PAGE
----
Tribes pay rent to Virginia for three centuries
From the National Park Service:
One of the nation’s oldest – and perhaps oddest – rituals takes place in Richmond
each autumn when the Pamunkey and Mattaponi pay their reservation rent to the
No money exchanges hands. Instead, the governor is presented with game – a fresh
deer kill, a string of fish or a wild turkey hung by its ankles. As far as anyone can
recall, the tribes have never missed a payment – for 33 1 years.
The annual “tribute,” as it’s called, is outlined in a 1677 treaty that’s technically still
in effect. Specifics have evolved over the centuries, but the basics remain the same:
“That every Indian King and Queen in the month of March every yeare with some of
theire great men tender their obedience to the R’t Honourable his Majesties Govern’r
at the place of his residence, wherever it shall be, and then and there pay the
accustomed rent of twentie beaver skinns, to the Govern’r …”
That was not an unusual demand in those days. Pacts between colonials and Indians
often included some form of payment from the natives. As the settlement grew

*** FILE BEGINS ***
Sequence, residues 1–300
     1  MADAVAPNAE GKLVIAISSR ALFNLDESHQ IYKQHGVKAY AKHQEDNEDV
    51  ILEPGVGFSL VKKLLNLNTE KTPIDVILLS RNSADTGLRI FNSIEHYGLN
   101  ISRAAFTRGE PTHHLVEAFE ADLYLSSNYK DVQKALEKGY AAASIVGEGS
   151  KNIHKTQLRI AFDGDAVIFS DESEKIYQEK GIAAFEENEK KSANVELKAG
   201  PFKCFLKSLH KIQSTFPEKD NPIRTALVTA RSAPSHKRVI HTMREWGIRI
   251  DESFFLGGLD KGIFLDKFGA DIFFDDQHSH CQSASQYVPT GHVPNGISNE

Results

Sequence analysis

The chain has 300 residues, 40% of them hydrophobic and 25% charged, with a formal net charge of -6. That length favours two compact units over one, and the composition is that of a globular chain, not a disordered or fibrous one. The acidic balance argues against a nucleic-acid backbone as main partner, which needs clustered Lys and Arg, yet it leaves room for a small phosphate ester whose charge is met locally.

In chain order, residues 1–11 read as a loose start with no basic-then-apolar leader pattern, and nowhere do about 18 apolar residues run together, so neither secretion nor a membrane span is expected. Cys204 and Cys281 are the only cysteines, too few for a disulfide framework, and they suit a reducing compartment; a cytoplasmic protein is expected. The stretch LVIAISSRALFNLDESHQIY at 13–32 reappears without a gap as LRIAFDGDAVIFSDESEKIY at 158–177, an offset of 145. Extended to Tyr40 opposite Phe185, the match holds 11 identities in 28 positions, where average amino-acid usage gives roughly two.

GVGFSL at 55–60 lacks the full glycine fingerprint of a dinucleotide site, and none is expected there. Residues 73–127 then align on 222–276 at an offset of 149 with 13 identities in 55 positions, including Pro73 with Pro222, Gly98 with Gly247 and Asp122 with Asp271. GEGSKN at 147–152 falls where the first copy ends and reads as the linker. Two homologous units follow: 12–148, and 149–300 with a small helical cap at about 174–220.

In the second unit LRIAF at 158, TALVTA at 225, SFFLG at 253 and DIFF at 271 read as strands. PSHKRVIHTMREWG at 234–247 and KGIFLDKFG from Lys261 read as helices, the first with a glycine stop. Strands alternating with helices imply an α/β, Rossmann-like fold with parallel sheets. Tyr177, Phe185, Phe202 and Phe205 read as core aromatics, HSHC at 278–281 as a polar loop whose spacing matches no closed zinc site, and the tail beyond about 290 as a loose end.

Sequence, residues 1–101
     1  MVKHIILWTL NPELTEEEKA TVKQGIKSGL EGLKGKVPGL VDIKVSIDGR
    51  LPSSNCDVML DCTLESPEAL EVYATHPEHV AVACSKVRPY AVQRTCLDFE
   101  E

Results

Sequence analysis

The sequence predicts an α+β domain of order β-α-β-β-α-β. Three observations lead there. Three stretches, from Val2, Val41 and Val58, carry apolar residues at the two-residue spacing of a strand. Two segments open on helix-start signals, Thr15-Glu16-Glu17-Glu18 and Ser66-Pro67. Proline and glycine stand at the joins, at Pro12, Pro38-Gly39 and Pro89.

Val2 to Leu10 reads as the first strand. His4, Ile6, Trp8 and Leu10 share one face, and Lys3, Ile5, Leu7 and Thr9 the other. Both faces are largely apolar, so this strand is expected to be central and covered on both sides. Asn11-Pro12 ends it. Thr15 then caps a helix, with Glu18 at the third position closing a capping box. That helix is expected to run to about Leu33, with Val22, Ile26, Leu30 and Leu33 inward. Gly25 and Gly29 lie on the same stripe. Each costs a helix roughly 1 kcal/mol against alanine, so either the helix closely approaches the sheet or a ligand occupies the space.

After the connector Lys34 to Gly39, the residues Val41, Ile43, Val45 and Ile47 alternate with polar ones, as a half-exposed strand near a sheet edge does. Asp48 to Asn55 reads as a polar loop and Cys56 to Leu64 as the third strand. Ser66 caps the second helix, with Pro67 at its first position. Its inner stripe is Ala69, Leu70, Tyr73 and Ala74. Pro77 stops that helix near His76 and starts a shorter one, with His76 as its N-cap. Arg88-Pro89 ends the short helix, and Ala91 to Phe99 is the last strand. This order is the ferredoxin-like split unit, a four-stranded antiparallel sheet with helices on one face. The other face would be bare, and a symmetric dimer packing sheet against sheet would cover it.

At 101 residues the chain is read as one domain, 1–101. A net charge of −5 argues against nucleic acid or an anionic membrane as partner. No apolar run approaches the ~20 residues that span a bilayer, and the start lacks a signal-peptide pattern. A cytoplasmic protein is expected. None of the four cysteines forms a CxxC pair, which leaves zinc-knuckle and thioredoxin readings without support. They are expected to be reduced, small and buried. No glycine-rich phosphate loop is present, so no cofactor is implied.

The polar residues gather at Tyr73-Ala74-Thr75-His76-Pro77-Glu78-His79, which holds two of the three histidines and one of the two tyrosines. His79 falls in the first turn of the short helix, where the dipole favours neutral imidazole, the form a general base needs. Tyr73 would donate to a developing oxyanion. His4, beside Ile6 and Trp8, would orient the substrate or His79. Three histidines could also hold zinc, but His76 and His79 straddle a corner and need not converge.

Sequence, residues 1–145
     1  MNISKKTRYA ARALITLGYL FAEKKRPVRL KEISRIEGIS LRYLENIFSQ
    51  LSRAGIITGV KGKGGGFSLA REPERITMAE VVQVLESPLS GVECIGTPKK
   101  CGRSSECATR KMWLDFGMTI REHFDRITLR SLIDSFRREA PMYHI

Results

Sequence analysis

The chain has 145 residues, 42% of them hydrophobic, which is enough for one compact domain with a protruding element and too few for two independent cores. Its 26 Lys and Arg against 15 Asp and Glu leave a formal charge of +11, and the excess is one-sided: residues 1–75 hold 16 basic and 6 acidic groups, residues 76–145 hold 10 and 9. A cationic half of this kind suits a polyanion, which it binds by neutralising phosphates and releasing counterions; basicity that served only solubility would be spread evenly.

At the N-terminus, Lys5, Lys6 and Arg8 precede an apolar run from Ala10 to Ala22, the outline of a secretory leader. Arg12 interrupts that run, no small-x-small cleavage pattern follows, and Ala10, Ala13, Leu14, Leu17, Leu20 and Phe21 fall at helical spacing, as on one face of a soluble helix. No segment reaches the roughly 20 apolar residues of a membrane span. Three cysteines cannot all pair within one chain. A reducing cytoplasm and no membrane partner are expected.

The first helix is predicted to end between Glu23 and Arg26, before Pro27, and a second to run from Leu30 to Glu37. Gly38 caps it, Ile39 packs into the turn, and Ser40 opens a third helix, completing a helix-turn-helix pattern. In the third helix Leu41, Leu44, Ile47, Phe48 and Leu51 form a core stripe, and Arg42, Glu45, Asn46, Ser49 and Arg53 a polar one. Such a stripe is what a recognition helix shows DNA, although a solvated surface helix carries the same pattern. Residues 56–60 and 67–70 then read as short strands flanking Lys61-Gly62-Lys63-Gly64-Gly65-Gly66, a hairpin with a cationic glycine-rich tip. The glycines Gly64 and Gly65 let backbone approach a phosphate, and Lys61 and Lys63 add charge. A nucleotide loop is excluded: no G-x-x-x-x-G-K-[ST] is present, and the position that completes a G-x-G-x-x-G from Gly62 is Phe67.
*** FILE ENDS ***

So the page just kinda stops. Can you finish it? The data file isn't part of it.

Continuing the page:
stronger, tributes became more symbolic – a sign of a tribe’s submission to the new
government. After a while, there was no need for that, either. The tribes were broken,
no longer a concern.
There’s every chance the annual tribute would have ended long ago if it weren’t for
the Indians themselves. They kept delivering. Year after year. Somewhere along the
way, tribute time moved to “att the goeing away of Geese” – the terms of an even
older treaty. When beaver grew scarce, game was substituted for pelts.
But still, they came. Determined not to be forgotten. Adamant that no one be able to
say they didn’t hold up their end of the deal.
Brown-hued photos capture the last century or so of tribute – a ceremonial moment
recorded on granite steps. There are Indians in buckskin, on horseback, in suits and
ties, and pained-looking governor s’ wives contemplating the latest carcasses.
The tradition shows no sign of falling by the wayside. These days, the tribute is
almost always deer. In the Pamunkey tribe, hunters set out a few days before
Thanksgiving to bag a whitetail.
The kill waits in cold storage, gutted but not butchered. On the Wednesday before the
holiday, it’s hoisted into the bed of a pickup and driven to the governor’s mansion.
After a brunch – which gives Indians the governor’s ear – everyone steps outside for
the ceremony. Then the carcass heads to a homeless shelter or food bank.